This is a pretty useful survey to read through. I have my usual concerns about how it was conducted, who they spoke to, who did the interviews, where people were interviewed, how they managed to get through all these long lists of questions etc etc, but there are some general trends here which reflect things said by people I speak to.
The conclusion presents a bleak picture:
This survey's findings indicate endemic corruption, along with a lack of security and basic services, in Kandahar Province. Collectively, this sets conditions for a disenfranchised population to respond either by not supporting the government due to its inability to deliver improvements in the quality of life or, worse yet, by supporting the Taliban.
We should keep in mind, though, that this survey was carried out between December 23-29, 2009, a period that -- compared to now -- was and felt much safer. The exponential increase of insecurity, particularly in Kandahar City, since then would surely give more pause for thought. Next time they're doing these surveys I'd be interested to see some data collected on whether people are sending family members outside the province in anticipation of the coming summer; I've heard mountains of anecdotal evidence that this is the case, but something concrete would be useful to confirm this.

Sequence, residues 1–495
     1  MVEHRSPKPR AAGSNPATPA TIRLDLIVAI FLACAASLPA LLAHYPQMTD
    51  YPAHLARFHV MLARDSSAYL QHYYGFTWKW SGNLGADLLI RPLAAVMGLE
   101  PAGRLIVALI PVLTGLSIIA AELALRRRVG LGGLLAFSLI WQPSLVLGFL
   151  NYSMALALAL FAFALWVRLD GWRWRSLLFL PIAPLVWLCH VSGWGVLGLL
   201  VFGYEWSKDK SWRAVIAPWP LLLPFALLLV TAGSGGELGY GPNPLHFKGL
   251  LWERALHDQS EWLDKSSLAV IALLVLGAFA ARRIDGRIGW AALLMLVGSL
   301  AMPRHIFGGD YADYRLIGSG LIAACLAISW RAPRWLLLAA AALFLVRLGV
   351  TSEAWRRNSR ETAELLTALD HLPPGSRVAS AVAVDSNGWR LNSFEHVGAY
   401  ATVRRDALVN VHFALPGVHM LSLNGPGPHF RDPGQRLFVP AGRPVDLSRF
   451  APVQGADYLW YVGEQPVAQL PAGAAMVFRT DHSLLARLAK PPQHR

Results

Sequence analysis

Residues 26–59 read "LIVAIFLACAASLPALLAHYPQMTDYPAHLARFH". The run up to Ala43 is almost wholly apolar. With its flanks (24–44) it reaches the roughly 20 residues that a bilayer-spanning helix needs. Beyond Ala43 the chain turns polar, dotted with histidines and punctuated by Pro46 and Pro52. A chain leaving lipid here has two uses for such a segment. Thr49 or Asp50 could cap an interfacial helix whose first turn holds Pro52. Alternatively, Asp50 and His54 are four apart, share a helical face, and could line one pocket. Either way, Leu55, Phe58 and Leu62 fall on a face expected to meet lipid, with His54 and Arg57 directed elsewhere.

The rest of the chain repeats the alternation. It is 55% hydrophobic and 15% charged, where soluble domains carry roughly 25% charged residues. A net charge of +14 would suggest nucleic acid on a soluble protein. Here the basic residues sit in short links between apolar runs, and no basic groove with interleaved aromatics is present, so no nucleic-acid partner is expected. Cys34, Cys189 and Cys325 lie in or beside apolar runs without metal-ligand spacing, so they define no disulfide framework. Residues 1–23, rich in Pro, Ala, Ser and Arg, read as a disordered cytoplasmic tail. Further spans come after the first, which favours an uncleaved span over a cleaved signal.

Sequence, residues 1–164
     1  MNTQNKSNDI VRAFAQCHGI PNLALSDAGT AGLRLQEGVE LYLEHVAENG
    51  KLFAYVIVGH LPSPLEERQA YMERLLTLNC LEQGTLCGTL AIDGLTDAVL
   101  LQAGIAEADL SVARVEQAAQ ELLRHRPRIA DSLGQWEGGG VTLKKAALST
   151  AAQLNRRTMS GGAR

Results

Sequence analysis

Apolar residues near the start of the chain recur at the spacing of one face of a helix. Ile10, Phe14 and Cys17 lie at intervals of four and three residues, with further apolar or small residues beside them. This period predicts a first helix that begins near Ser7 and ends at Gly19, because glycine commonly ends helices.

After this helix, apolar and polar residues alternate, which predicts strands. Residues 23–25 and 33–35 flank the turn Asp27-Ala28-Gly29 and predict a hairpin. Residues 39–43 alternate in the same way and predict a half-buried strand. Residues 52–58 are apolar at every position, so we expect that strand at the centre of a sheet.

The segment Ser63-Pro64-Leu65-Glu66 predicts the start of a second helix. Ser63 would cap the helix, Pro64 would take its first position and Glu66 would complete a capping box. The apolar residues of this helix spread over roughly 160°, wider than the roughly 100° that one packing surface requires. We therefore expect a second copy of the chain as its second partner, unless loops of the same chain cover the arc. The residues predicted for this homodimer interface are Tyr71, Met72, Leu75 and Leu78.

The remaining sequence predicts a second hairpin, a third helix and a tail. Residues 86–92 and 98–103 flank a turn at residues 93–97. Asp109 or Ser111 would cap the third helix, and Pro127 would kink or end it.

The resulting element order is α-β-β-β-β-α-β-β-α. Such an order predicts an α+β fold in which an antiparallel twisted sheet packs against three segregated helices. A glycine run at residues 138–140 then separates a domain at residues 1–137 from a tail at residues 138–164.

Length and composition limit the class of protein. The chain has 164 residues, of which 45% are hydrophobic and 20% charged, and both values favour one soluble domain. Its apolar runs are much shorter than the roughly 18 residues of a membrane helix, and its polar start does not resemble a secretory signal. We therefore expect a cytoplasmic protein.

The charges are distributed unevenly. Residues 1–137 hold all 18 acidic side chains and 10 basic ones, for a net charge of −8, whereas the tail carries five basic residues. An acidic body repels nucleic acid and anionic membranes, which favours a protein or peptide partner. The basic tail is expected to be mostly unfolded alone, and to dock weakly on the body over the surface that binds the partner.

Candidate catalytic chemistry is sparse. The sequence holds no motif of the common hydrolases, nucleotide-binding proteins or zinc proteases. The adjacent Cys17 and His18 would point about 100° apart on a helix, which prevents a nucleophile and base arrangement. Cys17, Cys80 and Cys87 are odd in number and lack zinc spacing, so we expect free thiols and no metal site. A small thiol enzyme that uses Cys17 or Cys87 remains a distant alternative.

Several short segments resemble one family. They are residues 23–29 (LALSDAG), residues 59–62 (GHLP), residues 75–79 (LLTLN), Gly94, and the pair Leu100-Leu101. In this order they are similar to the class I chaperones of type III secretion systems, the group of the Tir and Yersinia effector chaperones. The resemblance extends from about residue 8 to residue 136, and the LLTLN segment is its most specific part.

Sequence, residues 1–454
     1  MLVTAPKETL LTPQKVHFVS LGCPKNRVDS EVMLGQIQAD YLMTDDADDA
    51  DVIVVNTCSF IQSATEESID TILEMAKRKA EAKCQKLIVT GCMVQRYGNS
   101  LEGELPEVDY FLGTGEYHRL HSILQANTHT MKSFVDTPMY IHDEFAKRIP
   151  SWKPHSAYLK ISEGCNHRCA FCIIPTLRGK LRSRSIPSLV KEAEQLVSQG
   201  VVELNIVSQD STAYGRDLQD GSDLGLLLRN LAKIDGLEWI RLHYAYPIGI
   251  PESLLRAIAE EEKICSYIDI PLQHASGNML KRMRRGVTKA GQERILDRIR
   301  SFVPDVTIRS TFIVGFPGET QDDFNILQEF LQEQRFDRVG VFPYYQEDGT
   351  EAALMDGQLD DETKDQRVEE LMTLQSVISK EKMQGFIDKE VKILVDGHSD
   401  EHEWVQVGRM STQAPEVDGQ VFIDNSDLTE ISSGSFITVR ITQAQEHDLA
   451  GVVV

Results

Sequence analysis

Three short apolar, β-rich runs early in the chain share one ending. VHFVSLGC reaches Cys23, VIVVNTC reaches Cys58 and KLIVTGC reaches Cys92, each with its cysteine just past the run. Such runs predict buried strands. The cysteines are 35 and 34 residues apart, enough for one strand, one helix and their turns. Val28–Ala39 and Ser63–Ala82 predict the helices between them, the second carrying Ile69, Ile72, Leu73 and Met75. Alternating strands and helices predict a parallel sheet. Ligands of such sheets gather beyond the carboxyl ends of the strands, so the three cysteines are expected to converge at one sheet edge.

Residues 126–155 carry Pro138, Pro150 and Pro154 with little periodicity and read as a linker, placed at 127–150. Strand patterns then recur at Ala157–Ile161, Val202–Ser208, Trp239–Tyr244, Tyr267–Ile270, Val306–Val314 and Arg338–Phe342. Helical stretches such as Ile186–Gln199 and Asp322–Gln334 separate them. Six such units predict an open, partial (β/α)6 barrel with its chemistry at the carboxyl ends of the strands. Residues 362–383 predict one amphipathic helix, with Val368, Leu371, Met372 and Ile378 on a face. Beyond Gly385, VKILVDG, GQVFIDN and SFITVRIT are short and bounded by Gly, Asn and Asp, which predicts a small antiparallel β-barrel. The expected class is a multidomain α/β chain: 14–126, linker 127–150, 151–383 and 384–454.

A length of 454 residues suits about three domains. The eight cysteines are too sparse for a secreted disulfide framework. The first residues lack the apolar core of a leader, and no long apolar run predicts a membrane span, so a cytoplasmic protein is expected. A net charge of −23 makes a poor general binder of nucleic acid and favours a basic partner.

[h/t to Nathan Hodge at Wired's Danger Room Blog for distributing this survey online]